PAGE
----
The ability to ship the new version of your application fast has many advantages. Building a new feature is enjoyable — you can split it in more pieces and make sure each works and scales properly. When you’re refactoring, you can refactor a really small piece and test it out. Oops, you made a mistake?! No problem — you can apply a fix and ship it fast. Putting your code into production frequently changes how you work. Every mistake has a shorter (and smaller) impact so fear of mistakes become smaller. The easier it is to fix a mistake, the more eager developers are to change the app. It’s very simple — like drawing with a pen versus a pencil and an eraser! Which one is more suitable for learning how to draw?
The process we’ve established in Intercom looks like PR -> quick review -> test -> merge into master -> test -> deploy! Since it’s cheaper to write tests instead of clicking around the app after every single change, our app is getting more and more tests over time. More tests, longer test time. Longer test time, longer time from my computer to customers. In fact, test phase executes twice, once on feature branch and once on master branch to make sure master is healthy after the merge. That means that every new test increases the time to production by
I am working on our front-end app quite rarely so I know that codebase far less than the backend service, which means I make more mistakes there. Cost of every mistake I make is far higher (time-wise) and I was really annoyed by that. I took the ignorant attitude of “I am going to make that faster” and started digging into our test setup. It’s very common:
I started timing different phases and figured out most phases are heavily cached and take less than a minute, but building the app took 4 minutes! 4 minutes?! When I change a file locally, I can see the change in a matter of few seconds. Why can’t I have the same build time in test environment?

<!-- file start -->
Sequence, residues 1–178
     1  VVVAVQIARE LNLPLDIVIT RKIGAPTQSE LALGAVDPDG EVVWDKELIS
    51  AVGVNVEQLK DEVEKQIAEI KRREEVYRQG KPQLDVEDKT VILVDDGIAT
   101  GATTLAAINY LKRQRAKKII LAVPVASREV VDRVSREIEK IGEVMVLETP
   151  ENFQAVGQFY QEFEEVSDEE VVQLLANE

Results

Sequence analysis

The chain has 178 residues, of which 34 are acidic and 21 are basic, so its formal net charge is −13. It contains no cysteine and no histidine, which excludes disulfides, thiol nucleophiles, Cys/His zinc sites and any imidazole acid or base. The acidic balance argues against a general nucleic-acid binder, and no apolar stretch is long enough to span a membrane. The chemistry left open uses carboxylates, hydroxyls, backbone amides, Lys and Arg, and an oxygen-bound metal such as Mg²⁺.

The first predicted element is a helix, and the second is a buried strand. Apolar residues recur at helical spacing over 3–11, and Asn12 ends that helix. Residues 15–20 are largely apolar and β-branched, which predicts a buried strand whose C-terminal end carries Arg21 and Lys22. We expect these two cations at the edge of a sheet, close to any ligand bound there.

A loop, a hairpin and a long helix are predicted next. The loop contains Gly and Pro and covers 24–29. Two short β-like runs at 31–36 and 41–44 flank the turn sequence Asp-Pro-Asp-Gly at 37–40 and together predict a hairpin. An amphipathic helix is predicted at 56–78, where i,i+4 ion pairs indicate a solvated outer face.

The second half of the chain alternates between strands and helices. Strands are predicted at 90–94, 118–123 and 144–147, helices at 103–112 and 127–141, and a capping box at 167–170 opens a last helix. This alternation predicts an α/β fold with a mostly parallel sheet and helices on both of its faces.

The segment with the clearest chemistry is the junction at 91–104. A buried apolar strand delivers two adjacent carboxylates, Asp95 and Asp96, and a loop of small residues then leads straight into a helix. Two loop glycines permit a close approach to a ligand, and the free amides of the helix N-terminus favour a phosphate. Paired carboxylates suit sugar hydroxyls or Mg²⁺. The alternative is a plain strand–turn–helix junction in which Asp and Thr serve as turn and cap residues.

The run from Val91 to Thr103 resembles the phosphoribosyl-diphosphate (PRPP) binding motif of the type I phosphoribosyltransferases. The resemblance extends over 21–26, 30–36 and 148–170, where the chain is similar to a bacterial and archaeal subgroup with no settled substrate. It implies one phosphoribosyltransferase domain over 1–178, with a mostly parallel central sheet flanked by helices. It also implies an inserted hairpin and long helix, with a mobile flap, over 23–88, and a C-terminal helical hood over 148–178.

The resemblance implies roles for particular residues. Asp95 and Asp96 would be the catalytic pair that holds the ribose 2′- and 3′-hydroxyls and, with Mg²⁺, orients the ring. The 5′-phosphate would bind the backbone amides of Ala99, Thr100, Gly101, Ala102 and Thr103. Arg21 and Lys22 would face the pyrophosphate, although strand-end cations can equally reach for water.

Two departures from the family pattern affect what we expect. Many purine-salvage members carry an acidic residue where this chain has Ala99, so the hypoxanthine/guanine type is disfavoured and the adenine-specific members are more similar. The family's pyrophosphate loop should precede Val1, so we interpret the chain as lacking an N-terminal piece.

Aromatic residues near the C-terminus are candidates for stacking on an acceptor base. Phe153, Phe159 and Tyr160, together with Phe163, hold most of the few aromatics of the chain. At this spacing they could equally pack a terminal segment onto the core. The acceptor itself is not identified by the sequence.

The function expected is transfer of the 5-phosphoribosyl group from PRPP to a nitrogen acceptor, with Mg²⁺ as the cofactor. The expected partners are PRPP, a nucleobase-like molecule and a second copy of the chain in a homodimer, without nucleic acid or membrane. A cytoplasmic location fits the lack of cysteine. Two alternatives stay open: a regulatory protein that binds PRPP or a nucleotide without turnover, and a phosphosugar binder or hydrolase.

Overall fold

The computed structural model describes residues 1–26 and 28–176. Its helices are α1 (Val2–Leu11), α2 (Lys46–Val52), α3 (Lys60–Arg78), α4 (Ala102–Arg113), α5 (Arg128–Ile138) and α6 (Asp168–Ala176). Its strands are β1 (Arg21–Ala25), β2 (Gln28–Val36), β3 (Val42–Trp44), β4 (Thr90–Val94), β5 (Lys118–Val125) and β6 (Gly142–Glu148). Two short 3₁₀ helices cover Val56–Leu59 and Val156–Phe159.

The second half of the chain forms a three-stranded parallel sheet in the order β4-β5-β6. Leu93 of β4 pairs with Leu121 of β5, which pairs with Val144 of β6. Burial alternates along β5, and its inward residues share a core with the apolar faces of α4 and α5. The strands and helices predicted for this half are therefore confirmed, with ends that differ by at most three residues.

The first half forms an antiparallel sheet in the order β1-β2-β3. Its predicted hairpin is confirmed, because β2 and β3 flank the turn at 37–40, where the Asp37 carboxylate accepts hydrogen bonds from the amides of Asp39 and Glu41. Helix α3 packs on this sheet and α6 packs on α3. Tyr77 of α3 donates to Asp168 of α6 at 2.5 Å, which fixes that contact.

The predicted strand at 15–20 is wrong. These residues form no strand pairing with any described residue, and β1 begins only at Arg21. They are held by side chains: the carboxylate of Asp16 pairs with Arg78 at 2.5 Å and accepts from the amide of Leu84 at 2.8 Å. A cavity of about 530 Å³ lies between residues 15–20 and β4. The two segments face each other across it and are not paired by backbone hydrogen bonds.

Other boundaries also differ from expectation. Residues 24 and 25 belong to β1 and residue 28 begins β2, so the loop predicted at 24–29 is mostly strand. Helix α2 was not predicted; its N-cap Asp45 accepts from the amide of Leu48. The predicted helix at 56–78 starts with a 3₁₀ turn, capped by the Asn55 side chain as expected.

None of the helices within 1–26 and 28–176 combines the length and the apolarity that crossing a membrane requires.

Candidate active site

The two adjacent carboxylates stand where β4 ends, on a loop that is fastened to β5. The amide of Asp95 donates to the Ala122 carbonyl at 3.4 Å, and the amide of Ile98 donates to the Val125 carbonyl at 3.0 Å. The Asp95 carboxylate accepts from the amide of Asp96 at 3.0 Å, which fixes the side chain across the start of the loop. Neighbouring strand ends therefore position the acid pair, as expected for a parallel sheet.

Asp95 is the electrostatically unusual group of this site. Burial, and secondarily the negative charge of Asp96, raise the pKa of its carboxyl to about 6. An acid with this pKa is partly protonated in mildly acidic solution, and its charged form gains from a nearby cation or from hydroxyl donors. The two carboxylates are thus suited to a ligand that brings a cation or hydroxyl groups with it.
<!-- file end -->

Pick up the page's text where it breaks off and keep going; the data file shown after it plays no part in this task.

Since I had no idea how ember builds work, I started digging into it (1). Turned out the component behind the ember incremental builds is Broccoli.js. It does some magic (it’s not actually magic, it’s a little bit of CS and software engineering) to rebuild just change files and files depending on them, which is usually a file or two and takes far less than four minutes. It also turned out there is environment variable
BROCCOLI_PERSISTENT_FILTER_CACHE_ROOTdefining where that cache is. Tada! Make sure that directory is shared between your builds so they can be incremental, as experienced in development environment. Many CIs support some sort of caching between builds.
For example, our CircleCI config looks like:
Fortunately, CircleCI caches per-branch so cache can’t be used just when dependencies upgrade. In all other cases, it reduces our test time by three and a half minutes — seven minutes in total! Definitely not a bad result for a new guy investing 1 day of his time!
Our infrastructure team started playing with BuildKite (we’re loving it so far!) and has built Docker images in a way that only requires a rebuild of very few layers for a new commit. Very often just copying new files, which saves 2 more minutes on average. I believe they will write a blog post about that soon so stay tuned (I will keep you updated ;)).
Since BuildKite does not offer out of the box cache like CircleCI, we have to implement it ourselves. We use very simple implementation with S3. You can check out buildite-s3-cache (disclaimer: this is not what Intercom uses in production). Example usage:
and get all benefits of cached builds!
Have some other suggestions on improving ember tests runtime?! Tell me!
(1) Actually, “digging” started by me and Gavin Joyce drinking in our company bar.